“Who’s Afraid of Virginia Woolf?”
Not a college romp by any means, Mike Nichols’ 1966 adaptation of the famous Edward Albee play is best watched as a harrowing look into what entry into the New England Academic Upper Crust really means: deceit, alcoholism, and failed marriage. It’s okay that the tenure track isn’t what it used to be, honey, because look at how miserable all those people were, in that small New England college town world that doesn’t exist anymore. Best drinking games: drink every time the fictitious son is mentioned, every time infidelity is insinuated, every moment of more than three consecutive seconds of silence.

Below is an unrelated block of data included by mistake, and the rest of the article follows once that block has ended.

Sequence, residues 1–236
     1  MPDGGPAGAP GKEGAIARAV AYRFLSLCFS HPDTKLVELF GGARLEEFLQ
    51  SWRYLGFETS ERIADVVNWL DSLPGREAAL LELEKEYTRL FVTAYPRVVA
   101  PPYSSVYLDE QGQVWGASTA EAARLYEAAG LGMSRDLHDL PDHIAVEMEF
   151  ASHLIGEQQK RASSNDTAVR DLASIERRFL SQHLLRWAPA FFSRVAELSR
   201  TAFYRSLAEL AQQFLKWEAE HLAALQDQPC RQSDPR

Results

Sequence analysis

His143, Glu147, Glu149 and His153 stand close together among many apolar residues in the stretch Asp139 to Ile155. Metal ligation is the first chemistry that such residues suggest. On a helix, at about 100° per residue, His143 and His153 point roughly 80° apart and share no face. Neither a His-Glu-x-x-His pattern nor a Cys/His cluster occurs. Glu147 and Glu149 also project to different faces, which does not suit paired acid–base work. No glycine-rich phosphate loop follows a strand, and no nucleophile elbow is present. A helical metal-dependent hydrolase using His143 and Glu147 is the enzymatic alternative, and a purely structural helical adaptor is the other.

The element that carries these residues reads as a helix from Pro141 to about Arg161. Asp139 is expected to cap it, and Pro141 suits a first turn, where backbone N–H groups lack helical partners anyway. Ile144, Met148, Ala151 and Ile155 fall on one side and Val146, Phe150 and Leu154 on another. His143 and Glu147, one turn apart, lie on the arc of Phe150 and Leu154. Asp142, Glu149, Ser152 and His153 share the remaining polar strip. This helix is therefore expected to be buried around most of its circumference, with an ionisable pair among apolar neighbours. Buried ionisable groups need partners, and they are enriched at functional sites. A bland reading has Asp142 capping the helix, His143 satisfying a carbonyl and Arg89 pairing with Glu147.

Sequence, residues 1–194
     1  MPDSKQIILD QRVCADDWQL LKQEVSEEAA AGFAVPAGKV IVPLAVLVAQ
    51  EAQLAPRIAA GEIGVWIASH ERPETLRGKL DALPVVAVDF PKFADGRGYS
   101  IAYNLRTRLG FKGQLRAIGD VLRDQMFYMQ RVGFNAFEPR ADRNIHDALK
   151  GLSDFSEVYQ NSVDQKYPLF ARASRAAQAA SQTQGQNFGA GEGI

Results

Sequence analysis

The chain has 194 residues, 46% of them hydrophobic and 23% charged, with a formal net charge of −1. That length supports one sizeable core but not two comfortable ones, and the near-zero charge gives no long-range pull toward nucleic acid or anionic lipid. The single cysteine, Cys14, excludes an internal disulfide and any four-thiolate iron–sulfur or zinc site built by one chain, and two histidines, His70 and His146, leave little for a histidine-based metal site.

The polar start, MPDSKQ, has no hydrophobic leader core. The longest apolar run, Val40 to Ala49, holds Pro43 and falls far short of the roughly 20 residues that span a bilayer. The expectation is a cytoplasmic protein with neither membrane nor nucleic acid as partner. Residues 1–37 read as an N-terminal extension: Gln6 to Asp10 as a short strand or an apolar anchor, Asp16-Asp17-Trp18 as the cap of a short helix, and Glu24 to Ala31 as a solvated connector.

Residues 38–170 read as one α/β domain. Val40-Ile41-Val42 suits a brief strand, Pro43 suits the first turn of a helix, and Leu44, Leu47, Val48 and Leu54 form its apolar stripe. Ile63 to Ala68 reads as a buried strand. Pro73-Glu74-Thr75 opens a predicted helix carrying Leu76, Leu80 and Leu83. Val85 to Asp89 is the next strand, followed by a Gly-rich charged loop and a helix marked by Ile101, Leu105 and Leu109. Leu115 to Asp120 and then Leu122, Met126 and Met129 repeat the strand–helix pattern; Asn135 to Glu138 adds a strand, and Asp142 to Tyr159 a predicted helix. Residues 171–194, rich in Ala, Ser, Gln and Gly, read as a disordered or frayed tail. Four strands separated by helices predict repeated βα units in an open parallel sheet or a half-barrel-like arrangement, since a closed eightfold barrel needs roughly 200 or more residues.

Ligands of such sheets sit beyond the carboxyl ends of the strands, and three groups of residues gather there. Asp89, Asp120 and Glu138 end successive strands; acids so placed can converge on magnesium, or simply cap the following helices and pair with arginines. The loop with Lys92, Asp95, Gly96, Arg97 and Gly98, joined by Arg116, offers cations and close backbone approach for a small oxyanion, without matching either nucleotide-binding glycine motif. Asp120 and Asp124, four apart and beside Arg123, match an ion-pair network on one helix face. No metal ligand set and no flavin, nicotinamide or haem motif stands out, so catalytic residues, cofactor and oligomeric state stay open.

Like Fincher’s “Social Network,” this is another movie based on a book by local author Ben Mezrich. Unlike Fincher’s film, “21” was not nearly as critically popular. Based on Mezrich’s 2003 book “Bringing Down the House,” “21” was heavily criticized for casting a white British actor as the lead, when the protagonist of the book was an Asian-American. The bigger problem with the film is that it’s got Kevin Spacey in a role begging for Underwood-level ruthlessness, but instead we’re treated to the low-hanging fruit of a genius college kid struggling between life in the fast lane or sticking to the original, safer plan. Will he pursue true love with an underdeveloped character or self-aggrandizement at the expense of unknown and unseen victims? I don’t care. I just want to see the mathletes cast as a gang of outlaws stealing from the rich and becoming the richer. On the plus side, an earnest effort to make archetypal “rock stars” out of MIT students is made, if you’re into that kind of thing.